Seth Rollins and Roman Reigns: The babyface challenger was screwed out of winning the WWE Universal Championship the night before, yet we never heard from him. Rollins and Reigns were bitter rivals, yet we never hear them discuss how they feel about teaming with one another. Their reunion should be compelling. Instead, they are just teaming without any explanation as if they never had even a bump in the road.

Cedric Alexander vs. Noam Dar: A five minute match that featured three minutes of commercials. Dar saying he’s going to steal Alexander’s girlfriend is straight out of the Henri from “Cheers” playbook. It should be easy heat, but there’s only so worked up you can get about Dar trying to steal Alicia Fox when she’s been made out to be the crazy, overbearing new girlfriend. Heck, he might be doing Alexander a favor.

Sheamus, Cesaro, Big E, and Kofi Kingston vs. Primo, Epico, Luke Gallows, and Karl Anderson: The Sheamus and Cesaro dynamic is far too similar to Daniel Bryan and Kane for my liking, but there’s no denying that it’s clicking with the live crowds. The eight-man tag match was flat because Gallows and Anderson have been creatively abused, and the Shining Stars act is comically bad. Was this the first time that new champions have teamed with the team they beat to win the title one night after the title change? Weird.

Charlotte vs. Bayley: A minor miss for a decent match that just didn’t leave me anxious to see more. I love the NXT version of Bayley, but they just haven’t tapped into it on the main roster. Having her defeat the elitist heel champion three times feels backwards to me. She’s supposed to be the underdog, and instead she’s going into the match having already proven that she can defeat the champion.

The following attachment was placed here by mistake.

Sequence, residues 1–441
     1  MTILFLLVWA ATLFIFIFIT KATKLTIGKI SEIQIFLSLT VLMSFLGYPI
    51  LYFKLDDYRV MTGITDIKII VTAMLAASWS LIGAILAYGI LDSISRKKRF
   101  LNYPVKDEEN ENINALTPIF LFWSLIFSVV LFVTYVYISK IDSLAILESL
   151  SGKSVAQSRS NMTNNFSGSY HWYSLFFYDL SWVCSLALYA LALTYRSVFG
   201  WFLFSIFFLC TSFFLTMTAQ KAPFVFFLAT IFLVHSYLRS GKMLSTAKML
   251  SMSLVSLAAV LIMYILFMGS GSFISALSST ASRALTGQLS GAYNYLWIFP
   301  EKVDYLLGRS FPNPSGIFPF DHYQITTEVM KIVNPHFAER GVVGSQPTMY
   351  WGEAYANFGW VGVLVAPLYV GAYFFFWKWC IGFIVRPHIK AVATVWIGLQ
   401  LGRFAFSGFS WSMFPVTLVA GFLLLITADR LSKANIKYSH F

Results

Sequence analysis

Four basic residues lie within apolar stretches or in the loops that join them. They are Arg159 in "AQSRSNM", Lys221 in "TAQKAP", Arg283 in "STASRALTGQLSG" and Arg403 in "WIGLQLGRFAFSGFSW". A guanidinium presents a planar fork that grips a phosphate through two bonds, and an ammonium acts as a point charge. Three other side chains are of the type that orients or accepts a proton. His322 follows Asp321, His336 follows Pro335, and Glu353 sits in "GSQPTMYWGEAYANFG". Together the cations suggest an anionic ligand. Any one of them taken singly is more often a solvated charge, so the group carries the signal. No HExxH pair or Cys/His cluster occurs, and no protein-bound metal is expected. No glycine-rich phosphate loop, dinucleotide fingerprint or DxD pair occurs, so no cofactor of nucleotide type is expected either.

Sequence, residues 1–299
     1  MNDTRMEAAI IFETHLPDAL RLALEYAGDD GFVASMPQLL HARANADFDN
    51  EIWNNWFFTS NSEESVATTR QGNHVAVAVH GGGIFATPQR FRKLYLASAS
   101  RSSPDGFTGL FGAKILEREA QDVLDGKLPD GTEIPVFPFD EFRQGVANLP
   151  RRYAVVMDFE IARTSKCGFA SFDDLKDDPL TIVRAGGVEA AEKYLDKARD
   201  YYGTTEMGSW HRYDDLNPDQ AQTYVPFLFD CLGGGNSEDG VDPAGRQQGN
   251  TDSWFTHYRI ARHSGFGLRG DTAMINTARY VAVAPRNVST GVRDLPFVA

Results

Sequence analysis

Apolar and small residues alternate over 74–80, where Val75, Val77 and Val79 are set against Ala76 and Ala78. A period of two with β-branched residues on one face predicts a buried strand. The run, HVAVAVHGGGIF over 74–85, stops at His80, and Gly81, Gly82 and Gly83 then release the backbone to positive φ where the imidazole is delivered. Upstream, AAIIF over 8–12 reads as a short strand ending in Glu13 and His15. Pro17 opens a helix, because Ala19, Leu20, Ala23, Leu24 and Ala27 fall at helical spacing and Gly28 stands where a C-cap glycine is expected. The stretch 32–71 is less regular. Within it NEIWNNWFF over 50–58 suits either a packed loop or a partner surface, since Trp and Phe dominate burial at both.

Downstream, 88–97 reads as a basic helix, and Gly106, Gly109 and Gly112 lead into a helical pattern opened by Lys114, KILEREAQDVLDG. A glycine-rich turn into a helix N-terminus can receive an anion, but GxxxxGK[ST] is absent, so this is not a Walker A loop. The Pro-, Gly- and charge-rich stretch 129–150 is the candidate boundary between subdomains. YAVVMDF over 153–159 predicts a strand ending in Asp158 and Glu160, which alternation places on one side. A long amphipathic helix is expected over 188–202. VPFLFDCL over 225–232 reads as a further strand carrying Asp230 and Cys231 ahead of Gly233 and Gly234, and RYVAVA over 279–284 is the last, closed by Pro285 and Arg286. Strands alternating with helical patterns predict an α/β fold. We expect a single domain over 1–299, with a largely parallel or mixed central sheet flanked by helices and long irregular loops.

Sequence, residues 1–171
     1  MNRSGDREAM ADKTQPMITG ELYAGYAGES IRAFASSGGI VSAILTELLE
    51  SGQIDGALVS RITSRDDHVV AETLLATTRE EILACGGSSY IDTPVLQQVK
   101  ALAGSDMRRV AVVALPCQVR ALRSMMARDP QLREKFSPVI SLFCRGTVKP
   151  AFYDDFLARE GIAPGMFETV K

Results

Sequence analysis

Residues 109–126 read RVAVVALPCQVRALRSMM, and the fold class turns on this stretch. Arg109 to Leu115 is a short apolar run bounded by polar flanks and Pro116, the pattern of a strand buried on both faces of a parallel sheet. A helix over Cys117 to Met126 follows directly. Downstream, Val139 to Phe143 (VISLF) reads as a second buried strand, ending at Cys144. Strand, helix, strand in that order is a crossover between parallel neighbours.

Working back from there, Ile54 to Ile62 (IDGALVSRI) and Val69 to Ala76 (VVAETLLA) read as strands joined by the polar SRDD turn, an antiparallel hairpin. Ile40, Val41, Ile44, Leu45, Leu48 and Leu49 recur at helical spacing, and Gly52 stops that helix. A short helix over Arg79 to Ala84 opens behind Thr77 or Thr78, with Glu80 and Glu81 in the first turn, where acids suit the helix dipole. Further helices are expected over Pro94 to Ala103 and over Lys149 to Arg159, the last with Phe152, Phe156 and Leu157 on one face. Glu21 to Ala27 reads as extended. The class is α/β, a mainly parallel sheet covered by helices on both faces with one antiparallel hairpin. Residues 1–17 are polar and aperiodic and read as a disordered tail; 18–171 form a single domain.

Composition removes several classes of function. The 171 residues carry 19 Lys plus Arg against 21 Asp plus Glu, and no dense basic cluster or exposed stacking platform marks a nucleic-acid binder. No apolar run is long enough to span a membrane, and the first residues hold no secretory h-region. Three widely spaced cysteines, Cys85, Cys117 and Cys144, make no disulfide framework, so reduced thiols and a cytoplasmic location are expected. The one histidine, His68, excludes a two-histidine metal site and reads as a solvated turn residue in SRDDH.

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Powell’s WWE Raw Hit List: Braun Strowman night, Chris Jericho, Kevin Owens, and Mick Foley, Nia Jax and Sasha Banks, Charlotte vs. Bayley, sensitivity training

By Jason Powell

WWE Raw Hits

Chris Jericho, Kevin Owens, and Mick Foley: Jericho was the MVP of the show thanks to his performance in the shark cage. Jericho did a great job of putting over the gimmick by acting completely terrified of heights (which is hilarious considering he also boasts about inventing the Money in the Bank ladder match). The opening segment between the trio was a lot of fun, and that’s coming from someone who is beyond tired of all of the Jericho interferes to save the Universal Championship for Owens finishes.

Braun Strowman: A good night for the big man with him terrorizing crew members in the backstage area and then tossing Sin Cara off the stage and onto a Christmas tree before he tumbled onto a table filled with gifts. Bigger than all of that was when he attacked the main event babyface duo of Roman Reigns and Seth Rollins. This was a big step up for Strowman. The jury is still out in terms of whether he can hang at that level, and I cringe at the thought of a Reigns vs. Strowman match at WrestleMania, but this was clearly a big night for Braun. On a side note, Sami Zayn agreeing to leave the building per Mick Foley’s request goes against everything the Zayn character has been talking about in his recent promos.